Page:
Editorial: Forging An Alliance Under Fear

Editorial: Forging An Alliance Under Fear

FPJ EditorialUpdated: Sunday, February 25, 2024, 07:31 PM IST
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After the initial euphoria of banding together of 26 parties under the banner of Indian National Developmental Inclusive Alliance (I.N.D.I.A) in Patna and subsequent meetings in Mumbai, Bengaluru and Delhi, the reality check came a few weeks later. Trinamool Congress chief and West Bengal Chief Minister gave a jolt, declaring that there was no question of seat-sharing in her State; she would go it alone in Bengal. In Punjab, the ruling Aam Admi Party ruled out any alliance with the Congress party. In UP, the main Opposition Samajwadi Party dilly-dallied, ticking off the Congress for acting high-and-mighty, refusing to concede even a single seat for the SP in the neighbouring Madhya Pradesh in the Assembly poll. Now it was the SP’s turn to pay back, keeping the Congress on tenterhooks over the alliance in UP. Meanwhile, JD(U) president and Bihar Chief Minister Nitish Kumar, hitherto the main motivator for the dotted alliance, punched its leaders in the solar plexus, and one fine morning he upped and rejoined the NDA, forming government with the BJP. Other shocks for the Congress party came from its own big and not-so-big leaders who dumped the party and joined the BJP. The exodus was one-way and towards the BJP. The biggest name among them was a former Maharashtra Chief Minister, Ashok Chavan. Speculation about former MP Chief Minister Kamal Nath is yet to die down, though it is reported that the MP unit of the BJP finds itself overcrowded, what with a surfeit of ex-Congress leaders. Meanwhile, the Congress spirits failed to get the much-expected boost from Rahul Gandhi’s Yatra 2.0. As is his wont, amidst tepid response, the Gandhi dynast continued to make trademark verbal faux pas. Meanwhile, the high-octane BJP campaign got a huge lift-off from the highly-publicised consecration ceremony of the Ram temple in Ayodhya. All these events together helped to undergird the BJP claim of 400 seats, 370 for itself and 30 for allies, in the coming parliamentary poll. It is in this backdrop that the Opposition parties hurriedly resumed the tricky business of seat-sharing again. The euphoria over the temple made Akhilesh Yadav concede 17 out of 80 seats to the Congress in UP. Maybe the Congress will conced a seat or two to the SP in MP in return for the generous offer it received in UP where it has little or no presence any longer. In Delhi, the AAP supremo and Chief Minister Arvind Kejriwal, finding himself in the crosshairs of the Enforcement Directorate over the monumental liquor excise theft agreed for the Congress to contest on three of the seven seats in the national capital. In return, a chastened Congress, suffering diminution of its ranks every other day, agreed to spare two seats for AAP in Gujarat and on out of ten in Haryana.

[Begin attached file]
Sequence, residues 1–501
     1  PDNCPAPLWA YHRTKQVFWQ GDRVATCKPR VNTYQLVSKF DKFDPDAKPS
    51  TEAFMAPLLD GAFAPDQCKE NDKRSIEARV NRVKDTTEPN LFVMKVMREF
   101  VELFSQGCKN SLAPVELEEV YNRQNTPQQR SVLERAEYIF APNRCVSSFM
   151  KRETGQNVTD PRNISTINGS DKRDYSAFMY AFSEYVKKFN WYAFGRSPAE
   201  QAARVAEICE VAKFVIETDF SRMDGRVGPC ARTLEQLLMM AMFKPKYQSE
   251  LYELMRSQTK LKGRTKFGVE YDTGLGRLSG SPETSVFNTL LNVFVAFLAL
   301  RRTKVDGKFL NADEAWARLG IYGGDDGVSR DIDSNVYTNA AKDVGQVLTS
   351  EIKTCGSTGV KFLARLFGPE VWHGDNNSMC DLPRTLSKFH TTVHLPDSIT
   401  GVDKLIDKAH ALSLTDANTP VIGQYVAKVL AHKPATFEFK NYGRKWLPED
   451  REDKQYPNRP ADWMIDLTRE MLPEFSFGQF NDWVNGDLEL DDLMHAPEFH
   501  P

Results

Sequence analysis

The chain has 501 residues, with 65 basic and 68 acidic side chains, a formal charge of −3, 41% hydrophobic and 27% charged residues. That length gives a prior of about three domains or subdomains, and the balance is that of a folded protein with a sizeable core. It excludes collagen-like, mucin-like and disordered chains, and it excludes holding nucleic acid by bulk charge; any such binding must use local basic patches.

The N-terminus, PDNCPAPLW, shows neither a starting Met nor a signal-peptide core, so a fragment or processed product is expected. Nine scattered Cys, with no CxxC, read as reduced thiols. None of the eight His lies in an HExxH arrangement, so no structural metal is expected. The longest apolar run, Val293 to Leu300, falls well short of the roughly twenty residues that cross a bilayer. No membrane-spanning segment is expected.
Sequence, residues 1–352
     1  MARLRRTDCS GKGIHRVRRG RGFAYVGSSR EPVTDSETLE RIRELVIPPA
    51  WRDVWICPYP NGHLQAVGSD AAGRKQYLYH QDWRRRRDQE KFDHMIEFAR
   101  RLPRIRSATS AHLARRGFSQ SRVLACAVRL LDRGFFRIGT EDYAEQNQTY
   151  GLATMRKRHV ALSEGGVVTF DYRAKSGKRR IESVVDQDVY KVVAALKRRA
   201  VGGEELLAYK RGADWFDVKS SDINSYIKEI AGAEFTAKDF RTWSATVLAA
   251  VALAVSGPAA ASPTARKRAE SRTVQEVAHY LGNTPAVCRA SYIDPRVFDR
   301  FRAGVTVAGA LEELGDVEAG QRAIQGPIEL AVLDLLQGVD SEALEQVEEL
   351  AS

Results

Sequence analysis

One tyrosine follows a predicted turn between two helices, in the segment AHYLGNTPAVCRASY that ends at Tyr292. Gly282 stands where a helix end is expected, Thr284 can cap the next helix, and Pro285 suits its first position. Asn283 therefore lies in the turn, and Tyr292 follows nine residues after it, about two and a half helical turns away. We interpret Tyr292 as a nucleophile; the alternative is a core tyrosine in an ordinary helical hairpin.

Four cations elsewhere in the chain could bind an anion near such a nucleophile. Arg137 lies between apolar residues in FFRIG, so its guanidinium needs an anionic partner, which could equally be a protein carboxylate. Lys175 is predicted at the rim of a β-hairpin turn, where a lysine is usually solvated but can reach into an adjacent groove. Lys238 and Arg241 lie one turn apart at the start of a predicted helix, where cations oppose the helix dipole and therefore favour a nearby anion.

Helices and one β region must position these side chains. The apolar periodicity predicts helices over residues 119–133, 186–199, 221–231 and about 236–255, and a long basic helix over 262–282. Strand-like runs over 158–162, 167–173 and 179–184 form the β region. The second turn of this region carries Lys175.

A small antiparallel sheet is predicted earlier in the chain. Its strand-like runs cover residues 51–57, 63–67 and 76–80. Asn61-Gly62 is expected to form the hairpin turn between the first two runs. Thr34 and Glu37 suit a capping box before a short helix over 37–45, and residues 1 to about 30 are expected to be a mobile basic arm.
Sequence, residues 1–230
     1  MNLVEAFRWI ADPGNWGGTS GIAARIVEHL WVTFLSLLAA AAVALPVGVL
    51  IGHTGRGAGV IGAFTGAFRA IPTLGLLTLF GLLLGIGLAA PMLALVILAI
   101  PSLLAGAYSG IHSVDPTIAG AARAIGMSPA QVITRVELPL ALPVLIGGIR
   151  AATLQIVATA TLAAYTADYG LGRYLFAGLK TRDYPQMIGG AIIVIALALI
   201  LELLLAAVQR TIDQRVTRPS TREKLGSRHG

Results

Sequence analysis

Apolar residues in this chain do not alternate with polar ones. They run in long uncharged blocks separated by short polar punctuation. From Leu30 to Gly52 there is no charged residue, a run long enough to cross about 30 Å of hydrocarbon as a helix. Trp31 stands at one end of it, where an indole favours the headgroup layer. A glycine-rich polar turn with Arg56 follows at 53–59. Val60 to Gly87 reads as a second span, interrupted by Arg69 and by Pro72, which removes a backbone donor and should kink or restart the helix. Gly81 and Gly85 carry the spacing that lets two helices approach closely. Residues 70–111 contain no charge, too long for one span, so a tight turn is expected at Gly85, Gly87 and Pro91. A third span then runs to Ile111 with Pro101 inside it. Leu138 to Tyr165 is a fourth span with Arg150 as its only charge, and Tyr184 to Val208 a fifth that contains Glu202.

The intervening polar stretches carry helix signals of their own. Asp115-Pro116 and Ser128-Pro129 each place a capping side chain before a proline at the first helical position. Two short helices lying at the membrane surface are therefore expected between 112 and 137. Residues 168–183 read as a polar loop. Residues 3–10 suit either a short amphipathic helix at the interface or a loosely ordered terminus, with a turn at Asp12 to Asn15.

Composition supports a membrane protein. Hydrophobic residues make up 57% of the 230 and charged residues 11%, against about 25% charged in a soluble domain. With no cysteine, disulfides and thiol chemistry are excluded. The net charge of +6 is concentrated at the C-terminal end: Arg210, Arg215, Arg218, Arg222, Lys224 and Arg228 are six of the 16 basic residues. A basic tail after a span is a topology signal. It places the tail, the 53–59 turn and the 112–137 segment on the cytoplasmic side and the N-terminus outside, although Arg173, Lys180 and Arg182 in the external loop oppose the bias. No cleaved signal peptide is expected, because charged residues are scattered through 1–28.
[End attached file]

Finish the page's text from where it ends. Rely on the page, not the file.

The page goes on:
The sheer fear of a third term for Modi had forced the big-boasting leaders of the dotted alliance to become a little more realistic, forcing the Congress Party to come to terms with its much reduced circumstances. It can no longer play the big daddy of politics with its vastly diminished standing with the voters. As the reality sinks in further, parties in the dotted alliance in Maharashtra, Bihar, Jharkhand, etc., are expected to settle seat-sharing without further bickering and recriminations in the coming day. Since the poll notification is expected to be issued in the next fortnight or so, the Opposition alliance is under pressure to compose their differences and try and present a united front to the voters against the monolithic BJP which is relentless in its effort to consolidate its hold over the voter with highly visible infrastructural development and various welfare schemes benefiting the people directly without third-party intermediation. In a way it is early days yet, but the Opposition is a long way from presenting a united face with a credible programme for the voters to vet and approve or reject. However, you cannot fault the voter if he is cynical about the Congress bitterly fighting AAP in Punjab and two in alliance in Delhi. Such “friendly” fights invariably are harbingers of an early break-up amidst the poll or afterwards, particularly if neither party wins. Indira Gandhi famously said that “two zeros” still will remain zeros. The challenge for the Opposition parties is forge an ideological unity — and not an opportunistic seat-sharing alliance — without which Modi’s BJP is likely to have a walkover in the coming Lok Sabha poll.

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